Handsigns: A Sign Language Alphabet

Handsigns: A Sign Language Alphabet

by Kathleen Fain, Chronicle Books


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This clever and unusual book is both a simple alphabet book for very young children and an introduction to American Sign Language for readers of all ages. The easy to follow format presents 26 full color illustrations, each revealing not only one, but sometimes two or three animals that begin with a particular letter. An inset picture of a human hand showing the sign for that same letter also appears on each page. In addition, a glossary highlights the animals from A to Z, and an afterword provides important information on sign language (including both its origin and how it can be used) that parents and teachers will want to share with children. One of only a few books that teaches children how to sign, Handsigns is a colorful way to learn the alphabet while learning about fascinating animals.

Product Details

ISBN-13: 9780811811965
Publisher: Chronicle Books LLC
Publication date: 09/28/1995
Edition description: Reprint
Pages: 40
Product dimensions: 10.00(w) x 10.00(h) x 0.12(d)
Age Range: 3 Months to 12 Years

About the Author

Kathleen Fain is a freelance artist who has worked in a variety of art-related jobs, including designing newpapers, books, and toys. She lives in Northern California with her husband and two sons. She is also the illustrator of Handsigns: A Sign Language Alphabet, published by Chonicle Books.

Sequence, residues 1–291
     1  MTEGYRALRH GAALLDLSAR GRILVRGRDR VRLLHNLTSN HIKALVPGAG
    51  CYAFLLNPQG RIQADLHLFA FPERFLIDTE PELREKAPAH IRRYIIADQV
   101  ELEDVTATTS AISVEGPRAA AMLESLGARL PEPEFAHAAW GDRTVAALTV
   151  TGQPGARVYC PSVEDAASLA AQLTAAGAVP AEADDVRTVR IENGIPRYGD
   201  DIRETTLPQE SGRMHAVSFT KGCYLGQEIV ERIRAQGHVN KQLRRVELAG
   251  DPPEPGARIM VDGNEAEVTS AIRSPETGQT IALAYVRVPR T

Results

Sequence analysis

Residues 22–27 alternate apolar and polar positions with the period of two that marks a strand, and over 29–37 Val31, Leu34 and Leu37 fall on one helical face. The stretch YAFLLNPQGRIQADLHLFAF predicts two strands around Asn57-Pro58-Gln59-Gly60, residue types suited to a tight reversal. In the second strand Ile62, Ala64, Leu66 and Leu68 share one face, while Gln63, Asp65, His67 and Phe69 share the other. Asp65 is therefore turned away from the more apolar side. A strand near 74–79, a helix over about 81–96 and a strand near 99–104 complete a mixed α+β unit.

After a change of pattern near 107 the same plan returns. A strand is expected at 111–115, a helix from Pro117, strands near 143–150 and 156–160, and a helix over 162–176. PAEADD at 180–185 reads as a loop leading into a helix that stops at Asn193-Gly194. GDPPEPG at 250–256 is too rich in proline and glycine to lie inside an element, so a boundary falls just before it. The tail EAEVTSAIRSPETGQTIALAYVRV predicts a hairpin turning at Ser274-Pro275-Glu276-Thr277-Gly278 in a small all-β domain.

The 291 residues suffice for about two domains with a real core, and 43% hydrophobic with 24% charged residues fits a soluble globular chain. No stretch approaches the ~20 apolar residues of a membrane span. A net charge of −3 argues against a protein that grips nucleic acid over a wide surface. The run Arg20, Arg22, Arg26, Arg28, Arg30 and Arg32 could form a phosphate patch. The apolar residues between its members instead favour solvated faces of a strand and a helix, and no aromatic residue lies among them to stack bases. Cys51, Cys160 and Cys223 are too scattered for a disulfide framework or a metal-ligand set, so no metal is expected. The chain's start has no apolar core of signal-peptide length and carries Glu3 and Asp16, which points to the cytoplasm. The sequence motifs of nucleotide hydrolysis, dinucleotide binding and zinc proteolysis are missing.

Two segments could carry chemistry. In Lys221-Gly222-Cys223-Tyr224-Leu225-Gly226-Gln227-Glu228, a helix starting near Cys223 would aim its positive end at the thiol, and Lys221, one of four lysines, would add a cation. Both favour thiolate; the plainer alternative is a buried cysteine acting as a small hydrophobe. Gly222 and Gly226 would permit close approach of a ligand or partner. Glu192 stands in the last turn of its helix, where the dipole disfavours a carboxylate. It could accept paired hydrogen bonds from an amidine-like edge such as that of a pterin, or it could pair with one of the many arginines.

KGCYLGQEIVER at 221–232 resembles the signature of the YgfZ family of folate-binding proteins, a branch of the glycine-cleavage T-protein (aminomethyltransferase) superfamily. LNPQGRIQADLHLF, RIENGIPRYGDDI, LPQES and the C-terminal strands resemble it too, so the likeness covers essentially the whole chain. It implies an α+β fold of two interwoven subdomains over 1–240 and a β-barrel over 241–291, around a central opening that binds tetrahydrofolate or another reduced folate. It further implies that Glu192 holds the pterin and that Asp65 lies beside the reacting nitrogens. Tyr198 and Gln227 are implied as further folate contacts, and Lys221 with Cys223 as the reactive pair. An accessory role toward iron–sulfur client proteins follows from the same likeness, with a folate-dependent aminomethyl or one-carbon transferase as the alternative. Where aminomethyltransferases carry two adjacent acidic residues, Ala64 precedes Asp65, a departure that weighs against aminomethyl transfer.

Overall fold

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Handsigns: A Sign Language Alphabet 4.7 out of 5 based on 0 ratings. 3 reviews.
ryann0423 on LibraryThing More than 1 year ago
This book does a great job at teaching children the alphabet, it shows them how to sign each letter of the alphabet and teaches the children a little bit about sign language. It is a great addition when teaching the alphabet and can help the children better learn the letters. It also begins teaching them about different languages and people who have to communicate differently because they are deaf. It a very well rounded educational book.
conuly on LibraryThing More than 1 year ago
It's a very clever idea - every page shows the handsign for the letter, and a picture of an animal. (Sometimes, as with B, we get two animals - bear and bee.) I firmly believe that using signs and the manual alphabet helps to reinforce literacy skills.But some of the animals are a little obscure - like the nautilus or the urchin - and the names aren't printed on the pages. You have to flip back to the index. That makes reading the book with a young child awkward. Also, I would really have liked to have seen - even in the index - a list of signs for the animals themselves.
Schuman on LibraryThing More than 1 year ago
This was a great info/fun book. It not only teaches a little about sign language but also how to do it. It has great illustration of animals to go with the alphabet. I liked that there are multiple things that kids can learn from it.